Chinese Communist Party (CCP) authorities in one Chinese city are mandating that school students disclose their religious beliefs, according to a Chinese parent who recently moved to the United States. He spoke with The Epoch Times and expressed concern that China could be seeing another wave of religious persecution.
Yan Tao, a new Chinese immigrant to Los Angeles and whose daughter had attended primary school in China, recently received a notification from a chat group on popular Chinese social media platform WeChat. It is a group for parents at his daughter’s school. The message sent by the head teacher stated: “According to the notice of the municipal Party committee office and the municipal education bureau, schools are requested to immediately conduct statistics on the status of students’ faith.” The teacher repeatedly emphasized that students with religious beliefs must contact the teacher immediately. Yan was very surprised, but also worried that the Chinese communist regime would again carry out large-scale religious persecution.
Yan recalled that the Chinese education system teaches the communist idea of materialism. Yan said that teachers would indoctrinate students with the message: “People who believe in religion lose their freedom because all religions are ‘superstitions’ and deceive the ignorant people.”
He said, “In fact, those are made up by the Communist Party. In fact, on the contrary, in countries with freedom of religion, people care for each other more, social behavior is more orderly, more free.”
After living in mainland China for many years, Yan gradually realized that the intense competition in Chinese society is caused by people losing their religious faith.
Since coming into power in 1949, the CCP has launched political indoctrination campaigns to solidify its rule. The authoritarian regime is “grooming” the youth of China, from as early as kindergarten, on how to monitor and brainwash relatives with the “right ideas and thoughts” rooted in atheism, reported Bitter Winter, a magazine on religious liberty and human rights in China.
According to another report by Bitter Winter, Chinese leader Xi Jinping is “forcefully promoting patriotic education” to indoctrinate the youth with the communist ideologies. When he visited a primary school in Chenzhou city in the central province of Hunan on Sept. 16, 2020, he stressed ingraining the “red gene” in students and to “pass down the revolutionary cause from generation to generation.”
Before moving to the United States, Yan had no religious beliefs. He said: “Because of the communist atheist education, when we were young, we always had some negative perceptions of religions.” After immigrating to Los Angeles, Yan was invited by a friend to attend several church activities. He found that he felt very fulfilled being part of that community. He also saw the people trusted and helped each other—from renting a house, buying a car, to finding schools for their children to attend.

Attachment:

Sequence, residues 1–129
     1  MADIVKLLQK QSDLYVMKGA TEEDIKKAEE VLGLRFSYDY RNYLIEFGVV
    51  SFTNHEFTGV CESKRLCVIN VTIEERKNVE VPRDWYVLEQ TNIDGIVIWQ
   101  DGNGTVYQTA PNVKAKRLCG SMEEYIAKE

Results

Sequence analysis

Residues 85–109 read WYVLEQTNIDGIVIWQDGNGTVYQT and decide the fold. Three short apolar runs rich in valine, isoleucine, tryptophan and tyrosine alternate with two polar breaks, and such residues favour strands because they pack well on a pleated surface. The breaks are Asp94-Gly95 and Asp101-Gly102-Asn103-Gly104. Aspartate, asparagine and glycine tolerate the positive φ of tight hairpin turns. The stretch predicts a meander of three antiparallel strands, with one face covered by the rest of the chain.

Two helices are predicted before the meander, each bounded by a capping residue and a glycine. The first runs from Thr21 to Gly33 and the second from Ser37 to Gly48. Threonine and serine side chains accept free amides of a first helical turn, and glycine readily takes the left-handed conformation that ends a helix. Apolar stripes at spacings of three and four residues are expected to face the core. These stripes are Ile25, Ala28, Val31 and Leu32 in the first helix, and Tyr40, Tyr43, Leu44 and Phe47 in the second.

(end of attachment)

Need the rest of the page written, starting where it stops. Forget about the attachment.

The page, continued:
After the CCP virus, commonly known as novel coronavirus, broke out in China in late 2019 and became a pandemic, the international community has been severely affected. Yan noticed that religious beliefs could offer comfort and hope when people are in despair. “When people are suffering, they need religious support the most. The CCP must be afraid that the people are seeking religious beliefs. In order to maintain stability, it will crack down on religion even more during the pandemic,” he said.
Yan stated that the CCP uses all methods possible to destroy people’s religious beliefs and infringe upon religious freedom. He mentioned that his wife’s friend was dismissed from her job because of her belief in Falun Gong, a meditation practice that is severely persecuted by the Chinese regime. “She [wife’s friend] is a particularly good person … people don’t dare to talk about it [the persecution] openly, even among friends. Everyone is worried about getting into trouble. Because there are relatives and friends in the family who practice Falun Gong, they will be investigated.” He said that during the household registration census, local police also asked residents if people have religious beliefs or if they knew Falun Gong practitioners.
The CCP uses its power to manipulate public opinion and to pressure and silence people collectively, Yan said. “It’s so terrible that you can’t even mention it. From this you can tell how severe the CCP’s persecution is and how fearful people are in general,” he added.
Falun Gong, also known as Falun Dafa, is composed of meditative exercises and a set of teachings centered on the principles of truthfulness, compassion, and tolerance. It grew in popularity in the 1990s, with 70 million to 100 million adherents in China by the end of the decade, according to official estimates at the time.
Threatened by its popularity, the CCP launched a systematic elimination campaign in July 1999. Since then, millions have been detained inside prisons, labor camps, and other facilities, with hundreds of thousands tortured while incarcerated, according to the Falun Dafa Information Center.
Yan believes that the Chinese authorities’ recent request for schools to investigate students’ religious beliefs shows that the CCP is afraid that it will eventually be overthrown by religious believers and those who seek freedom.
He said, “They [the CCP] are eager to know what every Chinese believes in. They want to kill all religions, which shows that they [the CCP] know how weak they are.”
Xu Xiuhui and Deksha Devnani contributed to this report.